Safe drinking-water from desalination
Guidance on risk assessment and risk management procedures to ensure the safety of desalinated drinking-water. WHO 2011
Safe and clean drinking-water is an essential element of health security and underpins sustainable socio-economic development. Global climate change, a growing global population, water requirements to support food security and rapid urbanization all contribute to increased water scarcity and compound the challenge of providing safe drinking-water. In many parts of the world there is a need to develop and manage alternative sources of safe drinking-water.
Advances in membrane technology have made desalination of seawater and brackish waters an increasingly viable alternative to produce safe drinking-water. For example, desalination has been gaining foothold in the water-scarce WHO Region of the Eastern Mediterranean, along coastal areas of Australia, on the West Coast of the USA and in many Small Island States including Singapore and Maldives. With this development comes a clear public health argument to provide guidance on ensuring the safety of drinking-water produced with this technology.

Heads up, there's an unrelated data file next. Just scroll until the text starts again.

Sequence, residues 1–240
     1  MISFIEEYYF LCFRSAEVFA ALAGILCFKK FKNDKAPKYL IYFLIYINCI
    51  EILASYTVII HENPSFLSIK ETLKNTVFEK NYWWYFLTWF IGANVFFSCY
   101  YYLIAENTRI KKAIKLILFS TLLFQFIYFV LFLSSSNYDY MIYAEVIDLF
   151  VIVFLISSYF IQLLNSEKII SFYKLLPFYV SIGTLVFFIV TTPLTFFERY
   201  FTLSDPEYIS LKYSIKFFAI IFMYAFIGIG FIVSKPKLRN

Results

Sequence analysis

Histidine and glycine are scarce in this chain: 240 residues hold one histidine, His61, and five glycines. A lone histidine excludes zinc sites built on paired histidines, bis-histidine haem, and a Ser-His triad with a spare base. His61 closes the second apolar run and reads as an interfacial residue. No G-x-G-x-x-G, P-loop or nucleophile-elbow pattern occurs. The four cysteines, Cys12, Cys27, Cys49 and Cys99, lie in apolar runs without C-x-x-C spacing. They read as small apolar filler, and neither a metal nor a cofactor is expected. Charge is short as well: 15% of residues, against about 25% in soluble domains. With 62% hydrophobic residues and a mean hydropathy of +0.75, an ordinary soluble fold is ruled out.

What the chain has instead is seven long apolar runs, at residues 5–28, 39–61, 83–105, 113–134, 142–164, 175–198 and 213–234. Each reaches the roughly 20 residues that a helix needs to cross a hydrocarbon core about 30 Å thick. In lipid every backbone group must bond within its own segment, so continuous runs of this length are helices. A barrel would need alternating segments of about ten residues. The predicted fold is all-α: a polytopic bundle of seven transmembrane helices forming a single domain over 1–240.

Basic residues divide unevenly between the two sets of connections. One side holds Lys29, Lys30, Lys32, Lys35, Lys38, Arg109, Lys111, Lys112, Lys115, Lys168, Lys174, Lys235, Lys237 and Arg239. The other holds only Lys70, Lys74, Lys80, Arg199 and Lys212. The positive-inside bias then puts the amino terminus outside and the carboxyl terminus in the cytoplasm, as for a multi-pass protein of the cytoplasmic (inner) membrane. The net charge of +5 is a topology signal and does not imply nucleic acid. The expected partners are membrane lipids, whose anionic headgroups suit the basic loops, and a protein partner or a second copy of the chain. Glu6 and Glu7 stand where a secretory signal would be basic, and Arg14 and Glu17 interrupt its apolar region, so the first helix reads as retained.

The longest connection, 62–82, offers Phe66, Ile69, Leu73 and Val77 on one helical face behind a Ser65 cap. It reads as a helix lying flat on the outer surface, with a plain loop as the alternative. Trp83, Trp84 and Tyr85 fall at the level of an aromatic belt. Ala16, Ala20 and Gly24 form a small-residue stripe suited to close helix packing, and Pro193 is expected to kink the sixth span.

Under the auspices of the WHO Drinking-water Quality Expert Group, WHO has developed guidance that focuses on chemicals and microbes of particular concern in the context of desalination. The key chemical and microbial risks associated with major operational aspects of the desalination process, such as source water quality management, treatment, and the blending of final waters, are discussed in the context of WHO Water Safety Plan framework to guide Member States in effectively managing a safe drinking-water supply from desalinated sources.
This WHO guidance document is health-focused and it builds on the publication “Desalination technology: health and environmental impacts” (Cotruvo et al.) which covers the broader context of environmental, technical and operational aspects of desalination.